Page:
You will also want to discuss what process you have for working ahead. Or how you break down larger tasks into smaller tasks and how you impose personal deadlines for these smaller tasks.

It will also be important to address work-life balance. Focus your answer on how you give your full effort at work and are completely present while you are on the clock, and that your efficiency allows you to disconnect when you are at home.

Finally, you will also want to use an example that highlights you doing this in practice.

Overall, points you will want to touch upon will include making a to-do list, taking action or separating the important from the urgent and estimating the time and resources needed to complete each task. You will want to avoid anything which suggests that you procrastinate, inability to complete the tasks by their deadline, suggesting you had a meltdown or a poor attitude while completing the tasks.

Thanks for reading! If you have any questions around this or any other interview questions, be sure to contact us.

Happy job hunting and good luck!

Our aim, when speaking with prospective candidates is to get a better understanding of what makes them tick.  Their motivations for job searching, motivations for exploring new opportunities and ultimately what it is that will truly attract them to a new job.  For us, understanding this is what will help us best match them to one of the job opportunities we are working on.

However, it is very common for us to hear vague answers, which usually leads me to believe that the person is more motivated by finding something different to their current place of employment, as opposed to something specific which will address the next step in their career and ultimately help lead them to achieve a specific career goal.

Not having a strong understanding of where you want to take your career and lacking career goals, can be a dangerous position to be in. When we don't have a bigger picture of where our career is headed, we often become complacent and directionless. 

Being in such a position can lead us to fall into a career rut.  You may think your job is good, but not great.  You may end up feeling bored, less engaged and you may find that your work begins to suffer. This is something I personally experienced in the past and can tell you that it is not fun.  You feel as if you are simply going through the motions.  When this happened, I knew I needed to make a change and while it was difficult to break out of something that felt so comfortable, I knew it needed to be done.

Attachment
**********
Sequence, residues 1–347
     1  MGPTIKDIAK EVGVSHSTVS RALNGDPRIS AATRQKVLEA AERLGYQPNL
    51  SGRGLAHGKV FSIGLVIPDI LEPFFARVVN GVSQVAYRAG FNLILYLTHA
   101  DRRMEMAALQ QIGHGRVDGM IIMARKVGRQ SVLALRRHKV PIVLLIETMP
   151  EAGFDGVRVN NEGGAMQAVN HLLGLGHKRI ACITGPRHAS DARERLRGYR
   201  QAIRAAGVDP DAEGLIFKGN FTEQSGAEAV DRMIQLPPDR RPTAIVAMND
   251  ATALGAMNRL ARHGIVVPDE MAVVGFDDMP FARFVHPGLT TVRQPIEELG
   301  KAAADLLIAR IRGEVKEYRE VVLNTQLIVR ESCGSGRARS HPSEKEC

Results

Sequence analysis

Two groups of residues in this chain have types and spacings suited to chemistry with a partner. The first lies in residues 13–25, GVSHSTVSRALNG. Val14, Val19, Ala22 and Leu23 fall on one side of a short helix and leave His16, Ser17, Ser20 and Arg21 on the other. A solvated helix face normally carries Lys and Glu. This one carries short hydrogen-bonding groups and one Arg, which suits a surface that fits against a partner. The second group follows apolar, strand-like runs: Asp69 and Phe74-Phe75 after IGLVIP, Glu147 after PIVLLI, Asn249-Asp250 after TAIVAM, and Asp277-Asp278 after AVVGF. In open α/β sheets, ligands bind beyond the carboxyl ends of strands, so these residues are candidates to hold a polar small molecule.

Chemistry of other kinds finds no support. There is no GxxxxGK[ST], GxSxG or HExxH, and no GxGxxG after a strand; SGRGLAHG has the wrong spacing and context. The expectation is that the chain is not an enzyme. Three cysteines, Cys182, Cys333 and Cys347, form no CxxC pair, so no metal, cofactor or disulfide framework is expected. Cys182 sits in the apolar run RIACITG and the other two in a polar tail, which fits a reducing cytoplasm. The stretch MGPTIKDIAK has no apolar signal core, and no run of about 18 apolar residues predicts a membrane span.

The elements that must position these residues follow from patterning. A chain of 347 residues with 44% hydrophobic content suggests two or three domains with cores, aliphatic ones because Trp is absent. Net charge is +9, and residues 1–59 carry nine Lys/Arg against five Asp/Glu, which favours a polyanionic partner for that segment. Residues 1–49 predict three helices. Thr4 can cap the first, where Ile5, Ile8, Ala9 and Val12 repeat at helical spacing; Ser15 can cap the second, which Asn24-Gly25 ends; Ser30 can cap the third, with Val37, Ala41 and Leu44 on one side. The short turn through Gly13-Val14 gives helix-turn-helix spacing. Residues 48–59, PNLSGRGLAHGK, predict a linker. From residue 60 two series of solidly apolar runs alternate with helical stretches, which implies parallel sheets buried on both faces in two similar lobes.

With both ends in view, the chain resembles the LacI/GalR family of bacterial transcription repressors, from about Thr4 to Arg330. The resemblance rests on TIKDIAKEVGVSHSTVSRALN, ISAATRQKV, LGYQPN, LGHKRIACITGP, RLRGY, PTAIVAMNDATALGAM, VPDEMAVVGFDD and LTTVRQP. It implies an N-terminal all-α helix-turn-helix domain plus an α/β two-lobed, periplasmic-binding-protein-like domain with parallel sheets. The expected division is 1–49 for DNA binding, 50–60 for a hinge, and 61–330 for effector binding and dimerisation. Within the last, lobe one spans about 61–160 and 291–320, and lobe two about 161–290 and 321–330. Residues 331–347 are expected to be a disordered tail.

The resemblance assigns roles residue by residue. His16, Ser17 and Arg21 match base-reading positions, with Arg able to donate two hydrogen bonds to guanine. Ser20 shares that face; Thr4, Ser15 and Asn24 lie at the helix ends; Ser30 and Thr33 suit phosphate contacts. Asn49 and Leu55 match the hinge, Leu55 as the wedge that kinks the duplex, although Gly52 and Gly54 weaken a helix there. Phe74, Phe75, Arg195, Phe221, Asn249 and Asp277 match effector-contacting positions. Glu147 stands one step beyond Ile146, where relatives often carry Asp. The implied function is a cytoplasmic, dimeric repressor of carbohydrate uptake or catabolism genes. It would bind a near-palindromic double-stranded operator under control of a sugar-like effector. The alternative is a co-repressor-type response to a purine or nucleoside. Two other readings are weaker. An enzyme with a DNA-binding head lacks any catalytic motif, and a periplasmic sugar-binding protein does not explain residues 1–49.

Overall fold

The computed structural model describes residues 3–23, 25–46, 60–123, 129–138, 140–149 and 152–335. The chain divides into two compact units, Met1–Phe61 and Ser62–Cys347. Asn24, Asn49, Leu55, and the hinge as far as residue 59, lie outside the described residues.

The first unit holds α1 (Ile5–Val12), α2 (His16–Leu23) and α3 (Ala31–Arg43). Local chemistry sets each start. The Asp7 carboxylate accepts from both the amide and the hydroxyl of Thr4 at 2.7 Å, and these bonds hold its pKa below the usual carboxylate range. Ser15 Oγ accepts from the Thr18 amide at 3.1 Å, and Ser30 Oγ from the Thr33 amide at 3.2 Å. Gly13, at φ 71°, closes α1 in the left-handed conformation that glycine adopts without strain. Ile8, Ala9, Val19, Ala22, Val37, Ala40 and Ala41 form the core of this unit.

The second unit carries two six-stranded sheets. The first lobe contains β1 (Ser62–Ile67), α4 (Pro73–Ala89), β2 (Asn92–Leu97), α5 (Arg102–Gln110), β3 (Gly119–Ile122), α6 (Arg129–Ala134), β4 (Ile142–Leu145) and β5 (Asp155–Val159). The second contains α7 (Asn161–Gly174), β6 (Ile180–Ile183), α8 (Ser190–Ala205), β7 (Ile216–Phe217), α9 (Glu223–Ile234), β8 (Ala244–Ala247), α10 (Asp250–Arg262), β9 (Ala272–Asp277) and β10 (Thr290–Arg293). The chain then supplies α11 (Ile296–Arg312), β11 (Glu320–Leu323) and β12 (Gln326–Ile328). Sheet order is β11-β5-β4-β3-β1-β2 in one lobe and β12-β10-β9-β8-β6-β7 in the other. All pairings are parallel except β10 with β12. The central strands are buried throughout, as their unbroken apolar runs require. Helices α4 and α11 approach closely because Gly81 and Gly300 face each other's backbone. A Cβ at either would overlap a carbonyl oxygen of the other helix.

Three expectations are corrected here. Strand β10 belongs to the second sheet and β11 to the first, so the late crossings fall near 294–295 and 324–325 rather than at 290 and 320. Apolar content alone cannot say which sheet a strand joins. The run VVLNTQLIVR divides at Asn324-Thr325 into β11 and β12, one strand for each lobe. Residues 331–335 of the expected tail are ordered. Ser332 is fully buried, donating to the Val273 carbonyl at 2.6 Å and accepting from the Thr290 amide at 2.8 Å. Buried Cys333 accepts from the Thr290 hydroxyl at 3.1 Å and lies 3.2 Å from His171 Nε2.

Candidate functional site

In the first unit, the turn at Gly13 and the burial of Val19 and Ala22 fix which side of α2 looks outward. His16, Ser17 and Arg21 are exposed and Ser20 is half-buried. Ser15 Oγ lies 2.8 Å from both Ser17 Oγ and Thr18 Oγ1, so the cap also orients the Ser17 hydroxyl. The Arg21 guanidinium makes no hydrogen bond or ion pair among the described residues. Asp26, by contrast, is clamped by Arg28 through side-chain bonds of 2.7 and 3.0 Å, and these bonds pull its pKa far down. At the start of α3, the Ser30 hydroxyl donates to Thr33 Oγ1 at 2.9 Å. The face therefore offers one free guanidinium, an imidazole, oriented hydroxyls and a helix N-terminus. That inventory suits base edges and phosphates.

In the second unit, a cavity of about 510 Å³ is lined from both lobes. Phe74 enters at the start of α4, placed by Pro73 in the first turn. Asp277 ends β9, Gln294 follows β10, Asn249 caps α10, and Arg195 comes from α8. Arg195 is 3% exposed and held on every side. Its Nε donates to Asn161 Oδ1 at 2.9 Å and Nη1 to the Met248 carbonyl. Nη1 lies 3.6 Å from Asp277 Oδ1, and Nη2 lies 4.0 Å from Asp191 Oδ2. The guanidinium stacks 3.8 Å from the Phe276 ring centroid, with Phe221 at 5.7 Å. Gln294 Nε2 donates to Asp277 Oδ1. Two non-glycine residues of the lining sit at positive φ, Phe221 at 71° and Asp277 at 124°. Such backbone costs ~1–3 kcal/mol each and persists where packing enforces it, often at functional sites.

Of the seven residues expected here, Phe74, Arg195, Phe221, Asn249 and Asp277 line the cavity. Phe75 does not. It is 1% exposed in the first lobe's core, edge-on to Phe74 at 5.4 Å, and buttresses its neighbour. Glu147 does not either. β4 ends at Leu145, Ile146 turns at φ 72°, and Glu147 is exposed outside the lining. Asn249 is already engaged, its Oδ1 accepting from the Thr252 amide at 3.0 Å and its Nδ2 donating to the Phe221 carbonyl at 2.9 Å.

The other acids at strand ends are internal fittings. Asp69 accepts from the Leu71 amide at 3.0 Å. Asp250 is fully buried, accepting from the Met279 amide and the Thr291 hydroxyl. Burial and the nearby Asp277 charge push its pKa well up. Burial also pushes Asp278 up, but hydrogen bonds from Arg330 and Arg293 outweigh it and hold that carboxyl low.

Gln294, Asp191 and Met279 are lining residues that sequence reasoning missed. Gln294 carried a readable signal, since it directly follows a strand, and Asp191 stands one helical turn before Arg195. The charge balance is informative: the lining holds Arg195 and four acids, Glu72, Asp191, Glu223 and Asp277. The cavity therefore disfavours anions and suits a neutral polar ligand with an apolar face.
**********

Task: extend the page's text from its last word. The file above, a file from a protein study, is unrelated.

If you don’t have a career plan in place, you need to take a step back, gain a broader view of your skills, talents and what is meaningful to you so that you can develop a clear career strategy.

You need to think of your career as a roadmap.  What does your final career destination look like and how are you going to get there? What does the next opportunity, the one that will get you closer to your goal look like, what responsibilities will it give you and what new skills will you acquire in that role? Setting specific timelines for accomplishing these things will help you achieve this.   

Aside from achieving career satisfaction, navigating down a path that will allow you to take on new responsibilities and acquire new skills, will in turn increase the value you bring to your firm, increasing your salary and financial compensation. 

Thanks for reading! If you have any questions around this or any other job searching topic, be sure to contact us.

Happy Job Hunting and Good Luck!

Are you a new grad or someone with little to no experience looking to break into a new career? Finding it to be very challenging? Watch this week's video to learn more about some of our LinkedIn job searching tips.

Have you recently started a new role and are unsure how to deal with some of the growing pains during your probation period? 

Your probation period is an interesting time.  You are meeting new people, learning new processes and ultimately seeing how you fit into your new firm.  Being patient and adaptive is critical during this time.